AM was at Tony’s Gallery in Shoreditch on Thursday to see the first UK solo show by Olek (set-up and teaser photos here). The New York-based artist has been making the most of her extended London visit, transforming the ground floor of the gallery into a domestic setting filled with crocheted furniture and other household items. Everything but the entrance area, the ceiling, and a couple of plants has been given a second skin.
The combination of brightly-coloured yarn and Olek’s signature camouflage pattern means that the exhibition contents are often difficult to distinguish. Objects appear to merge with the floor, the walls, or each other — which makes wandering around this sculptural installation truly disorienting. We would recommend the experience.
“I do not expect to be a mother but I do expect to die alone” runs until 23 March. See more photos of the opening and additional commentary after the jump.
A performance aspect is integral to openings featuring Olek’s work, and Thursday was no exception. Four crochet-clad figures were part of the installation that evening. As none of them were moving when we first entered the gallery, it took two or three minutes before we managed to tell the difference between mannequin and human. One of the figures we smiled at and gave a knowing nod to later turned out to be mannequin. We lost a few cool points there.
AM admits having been slightly anxious during these initial moments of uncertainty. The comparison may be tenuous, but it felt a bit like entering a haunted house amusement attraction. You know full well that among the life-size dummy monsters will be a couple of down-on-their-luck actors in costume — just waiting for you to drop your guard before they jump out at you. [Is it okay to punch those guys when they do that, and maybe pretend it was an involuntary reflex? There must be some case law on the subject.]
Mixed in with other crocheted items on display are unused toys, an empty highchair, a potty, and a nursery crib — alluding to the name of the exhibition, which quotes one of Tracey Emin‘s hand-sewn blankets. This nod to Emin is both fitting and warranted. Just as the YBA has done with appliqué and fabric, with crochet and yarn, Olek uses a traditionally feminine, craft-based technique and medium to produce fine art.
There’s often a declarative, self-exposing element to Olek’s work that is also reminiscent of Emin. Many of the individual pieces have written commands and assertions incorporated into them. Among the canvas-shaped works hanging on the walls are a number of magnified crochet versions of actual text messages received by the artist, some more comically crude than others. A separate large-scale and prominent piece (featured in one of the photos above) clinically reproduces a personal advertisement posted on craigslist last June by her then partner. Olek’s discovery of the ad prompted a rapid change in her relationship status. We wouldn’t be surprised if it also had some influence over her choice of show title.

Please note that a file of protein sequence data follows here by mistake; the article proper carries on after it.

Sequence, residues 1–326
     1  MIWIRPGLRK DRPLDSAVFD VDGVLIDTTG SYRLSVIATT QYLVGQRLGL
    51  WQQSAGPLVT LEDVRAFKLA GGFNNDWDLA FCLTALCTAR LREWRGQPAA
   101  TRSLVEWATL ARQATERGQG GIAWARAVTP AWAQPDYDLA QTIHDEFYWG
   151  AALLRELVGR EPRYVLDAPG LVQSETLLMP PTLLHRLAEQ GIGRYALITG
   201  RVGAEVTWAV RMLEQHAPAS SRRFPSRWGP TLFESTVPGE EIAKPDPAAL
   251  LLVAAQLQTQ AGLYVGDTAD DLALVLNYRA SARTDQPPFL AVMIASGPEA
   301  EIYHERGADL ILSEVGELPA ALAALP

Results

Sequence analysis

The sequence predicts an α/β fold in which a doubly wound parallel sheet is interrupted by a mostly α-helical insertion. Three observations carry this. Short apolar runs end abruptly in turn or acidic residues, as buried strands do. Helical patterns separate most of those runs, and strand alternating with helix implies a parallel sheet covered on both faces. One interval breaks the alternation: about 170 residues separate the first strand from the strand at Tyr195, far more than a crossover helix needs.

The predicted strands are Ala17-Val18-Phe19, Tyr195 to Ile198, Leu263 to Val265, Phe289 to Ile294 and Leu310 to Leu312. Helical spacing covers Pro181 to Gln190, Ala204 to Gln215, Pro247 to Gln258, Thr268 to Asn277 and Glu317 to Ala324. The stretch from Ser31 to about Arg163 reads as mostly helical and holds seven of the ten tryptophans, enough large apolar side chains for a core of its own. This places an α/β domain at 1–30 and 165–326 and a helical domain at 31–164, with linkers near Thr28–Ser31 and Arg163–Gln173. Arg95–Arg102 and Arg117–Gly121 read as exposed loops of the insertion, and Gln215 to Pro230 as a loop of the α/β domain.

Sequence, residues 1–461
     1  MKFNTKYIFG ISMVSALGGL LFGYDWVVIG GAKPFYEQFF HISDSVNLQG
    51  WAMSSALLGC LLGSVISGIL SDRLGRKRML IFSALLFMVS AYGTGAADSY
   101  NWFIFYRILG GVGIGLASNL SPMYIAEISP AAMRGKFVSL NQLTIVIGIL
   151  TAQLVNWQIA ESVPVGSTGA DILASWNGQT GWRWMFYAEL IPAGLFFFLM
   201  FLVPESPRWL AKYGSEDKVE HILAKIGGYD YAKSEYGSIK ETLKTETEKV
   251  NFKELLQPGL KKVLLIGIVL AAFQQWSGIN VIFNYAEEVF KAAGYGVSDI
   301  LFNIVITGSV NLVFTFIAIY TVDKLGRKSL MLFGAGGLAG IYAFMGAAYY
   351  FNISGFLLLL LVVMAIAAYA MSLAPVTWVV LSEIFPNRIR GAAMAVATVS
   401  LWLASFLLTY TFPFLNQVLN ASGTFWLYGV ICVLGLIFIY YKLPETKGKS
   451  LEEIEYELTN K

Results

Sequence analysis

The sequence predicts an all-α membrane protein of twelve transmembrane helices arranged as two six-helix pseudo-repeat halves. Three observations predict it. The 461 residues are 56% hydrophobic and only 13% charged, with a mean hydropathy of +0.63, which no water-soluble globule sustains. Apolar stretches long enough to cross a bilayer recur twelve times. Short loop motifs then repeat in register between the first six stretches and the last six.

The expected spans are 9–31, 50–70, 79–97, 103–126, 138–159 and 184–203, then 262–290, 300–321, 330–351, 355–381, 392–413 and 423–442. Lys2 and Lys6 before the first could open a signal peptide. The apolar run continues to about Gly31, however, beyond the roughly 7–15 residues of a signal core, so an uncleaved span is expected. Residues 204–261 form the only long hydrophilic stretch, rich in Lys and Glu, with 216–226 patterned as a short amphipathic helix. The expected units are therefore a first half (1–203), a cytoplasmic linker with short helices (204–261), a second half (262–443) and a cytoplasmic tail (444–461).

Ironically, AM considers the title of the exhibition to be its greatest weakness. The tone of the second limb specifically is self-pitying and melodramatic. Rather than empathy, the quote elicits in us a desire to give the person responsible a good slap. We’d even argue that it lacks consistency with the spirit of the installation as a whole, which — at least on the face of it — is humourous, uplifting and joyful. After the opening, gallery guests certainly went away smiling. And while we hate the idea of doing the same as everyone else, we left smiling too.
For those who haven’t yet done so, don’t forget to take part in our giveaway. Recommend one must-see film for Olek to secure your chance of winning a Union Jack crocheted by the artist. Leave your suggestion as a comment at the bottom of this earlier post or on AM’s Facebook page. You can double your chances if you’re also the first person to identify this movie being played on Olek’s laptop.
A winner will be chosen at random on Wednesday 1 February at 8 p.m. London time and contacted for their mailing address. Again, one entry per household, please. Powodzenia!
Update on 2 February 2012: The contest is now closed. One entry per household was permitted and each unique entry recommending a film was allocated a number. The random number generator on Random.org selected the one given to Noel Drumbor from New Jersey. Congratulations to Noel, and thank you to all who took part.
Our prize winner walks away with a Union Jack crocheted by Olek. However, no reader managed to secure glory by naming the film on Olek’s laptop. What’s going on? Doesn’t anyone here like skinhead movies? The correct answer: Romper Stomper, written and directed by Geoffrey Wright, and starring Russell Crowe.
Text and photographs by Patrick Nguyen.